Hans Aarnes

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Hans Aarnes (6 May 1886 – 25 October 1960) was a Norwegian entrepreneur, journalist, newspaper editor, magazine edtior, publisher and proponent for the Nynorsk language.

Early and personal life[edit]

Aarnes was born in Vatne, Møre og Romsdal as the son of farmer Kristen Nilsson Aarnes and Marta Kristensdotter Vestre. He graduated as shipper in 1904, and worked as a seaman, trader and fisher. In 1907 he published the one-act play Sundagskveld, and in 1933 he published the poetry collection Kviteburd. He was married to Gina Villesvik from 1913.[1]

Career[edit]

Aarnes was editor or assistant editor for seven newspapers or magazines.[1] He edited Aarvak from 1909 to 1911. He worked for the newspaper Norig from 1911 to 1913, and edited Hardanger from 1913. From 1916 to 1920 he worked for the newspaper Gula Tidend, and for Bondebladet from 1921 to 1923. He edited the newspaper Agder Tidend from 1923 to 1932.[1][2]

He established the first education for journalists in Norway, Bladmannaskulen, in 1919,[3] and published a series of handbooks on journalism.[1]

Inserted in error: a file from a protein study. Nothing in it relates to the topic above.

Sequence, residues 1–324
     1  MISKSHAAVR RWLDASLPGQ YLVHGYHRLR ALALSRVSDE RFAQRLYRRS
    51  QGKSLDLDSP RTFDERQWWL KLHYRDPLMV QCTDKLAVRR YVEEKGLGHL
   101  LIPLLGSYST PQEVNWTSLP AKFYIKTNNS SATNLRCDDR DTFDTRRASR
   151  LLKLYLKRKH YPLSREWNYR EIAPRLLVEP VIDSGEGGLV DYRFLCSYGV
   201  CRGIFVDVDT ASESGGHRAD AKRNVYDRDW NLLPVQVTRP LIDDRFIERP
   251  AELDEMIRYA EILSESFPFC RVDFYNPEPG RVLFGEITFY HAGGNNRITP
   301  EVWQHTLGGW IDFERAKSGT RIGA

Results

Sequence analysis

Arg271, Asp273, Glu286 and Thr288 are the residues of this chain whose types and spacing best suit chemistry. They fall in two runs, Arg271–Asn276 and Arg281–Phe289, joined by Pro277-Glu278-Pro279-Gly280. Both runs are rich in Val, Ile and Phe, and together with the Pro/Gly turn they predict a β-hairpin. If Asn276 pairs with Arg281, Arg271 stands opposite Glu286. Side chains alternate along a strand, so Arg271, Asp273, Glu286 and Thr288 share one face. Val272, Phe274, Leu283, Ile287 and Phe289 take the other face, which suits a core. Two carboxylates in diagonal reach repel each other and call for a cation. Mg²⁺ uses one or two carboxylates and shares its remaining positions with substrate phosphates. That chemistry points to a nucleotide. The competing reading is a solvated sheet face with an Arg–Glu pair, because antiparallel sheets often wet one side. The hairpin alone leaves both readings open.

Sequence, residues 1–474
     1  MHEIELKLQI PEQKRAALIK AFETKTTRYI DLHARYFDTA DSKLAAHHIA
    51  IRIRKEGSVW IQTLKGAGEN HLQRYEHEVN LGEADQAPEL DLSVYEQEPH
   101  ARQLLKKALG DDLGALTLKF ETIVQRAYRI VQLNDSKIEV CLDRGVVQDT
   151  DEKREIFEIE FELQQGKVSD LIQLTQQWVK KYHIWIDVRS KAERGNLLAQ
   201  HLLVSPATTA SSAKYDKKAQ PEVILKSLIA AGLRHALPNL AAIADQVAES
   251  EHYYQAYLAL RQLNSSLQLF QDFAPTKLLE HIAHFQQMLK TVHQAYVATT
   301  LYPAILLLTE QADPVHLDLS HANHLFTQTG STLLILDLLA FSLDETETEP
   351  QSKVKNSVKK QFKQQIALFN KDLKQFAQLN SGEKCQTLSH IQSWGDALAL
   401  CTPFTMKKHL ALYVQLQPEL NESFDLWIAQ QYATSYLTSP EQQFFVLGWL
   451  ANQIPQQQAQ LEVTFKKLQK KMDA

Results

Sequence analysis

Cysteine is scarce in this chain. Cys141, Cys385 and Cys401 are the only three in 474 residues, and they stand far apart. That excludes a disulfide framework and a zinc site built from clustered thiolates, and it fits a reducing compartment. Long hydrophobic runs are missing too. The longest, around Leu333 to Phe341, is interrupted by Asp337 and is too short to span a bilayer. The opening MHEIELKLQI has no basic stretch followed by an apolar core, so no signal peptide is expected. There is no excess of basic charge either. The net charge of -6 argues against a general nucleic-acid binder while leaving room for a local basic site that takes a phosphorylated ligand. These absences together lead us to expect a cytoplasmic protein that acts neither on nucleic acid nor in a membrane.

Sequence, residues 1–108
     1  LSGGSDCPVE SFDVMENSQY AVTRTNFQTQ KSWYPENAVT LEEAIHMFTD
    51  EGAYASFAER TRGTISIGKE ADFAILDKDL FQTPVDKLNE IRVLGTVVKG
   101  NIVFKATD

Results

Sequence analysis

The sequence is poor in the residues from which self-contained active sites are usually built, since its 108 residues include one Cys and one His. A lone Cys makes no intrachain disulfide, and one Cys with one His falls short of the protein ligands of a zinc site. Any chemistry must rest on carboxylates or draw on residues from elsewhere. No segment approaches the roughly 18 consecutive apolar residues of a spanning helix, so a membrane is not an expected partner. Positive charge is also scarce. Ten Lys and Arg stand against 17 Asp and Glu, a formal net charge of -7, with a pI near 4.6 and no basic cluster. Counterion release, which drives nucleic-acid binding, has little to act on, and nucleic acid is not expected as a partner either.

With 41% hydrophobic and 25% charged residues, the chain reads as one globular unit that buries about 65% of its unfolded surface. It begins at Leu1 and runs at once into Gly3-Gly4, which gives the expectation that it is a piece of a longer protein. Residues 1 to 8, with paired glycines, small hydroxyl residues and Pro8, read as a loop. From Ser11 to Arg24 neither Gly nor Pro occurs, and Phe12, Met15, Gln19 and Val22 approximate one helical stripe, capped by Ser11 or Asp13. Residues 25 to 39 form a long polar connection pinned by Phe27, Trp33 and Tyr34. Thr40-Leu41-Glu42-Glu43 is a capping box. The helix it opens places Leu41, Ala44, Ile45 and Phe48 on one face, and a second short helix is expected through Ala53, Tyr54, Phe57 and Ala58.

As a proponent for the Nynorsk language he founded the news agency Norsk Pressekontor in 1918.[1] He founded the magazine Nynorsk Vekeblad in 1933.[2] He started the comic series Vangsgutane in Nynorsk Vekeblad as a local alternative to The Katzenjammer Kids, with text by Leif Halse and drawn by Jens R. Nilssen.[4] He was member of the board of Det Norske Teatret from 1935 to 1940,[5] and founded the publishing house Fonna Forlag in 1940. He was initiator of the Nynorsk encyclopedia Norsk Allkunnebok, which was published between 1948 and 1966.[1] He was active in the organization Noregs Mållag, and helped the establishing of several local chapters in the 1950s.[2]

References[edit]

  1. ^ a b c d e f Helle, Knut (ed.). "Hans Aarnes". Norsk biografisk leksikon (in Norwegian). Oslo: Kunnskapsforlaget. Retrieved 24 October 2010. 
  2. ^ a b c Eskeland, Severin (1966). "Aarnes, Hans". In Sudmann, Arnulv; Galdal, Peder. Norsk Allkunnebok (in Norwegian) 10. Oslo: Fonna Forlag. 
  3. ^ "Hans Aarnes". Store norske leksikon (in Norwegian). Oslo: Kunnskapsforlaget. Retrieved 24 October 2010. 
  4. ^ "Vangsgutane". Store norske leksikon (in Norwegian). Oslo: Kunnskapsforlaget. Retrieved 28 October 2010. 
  5. ^ Sletbak, Nils, ed. (1963). Det Norske Teatret. Femti år 1913–1963 (in Norwegian). Oslo: Det Norske Samlaget. p. 462.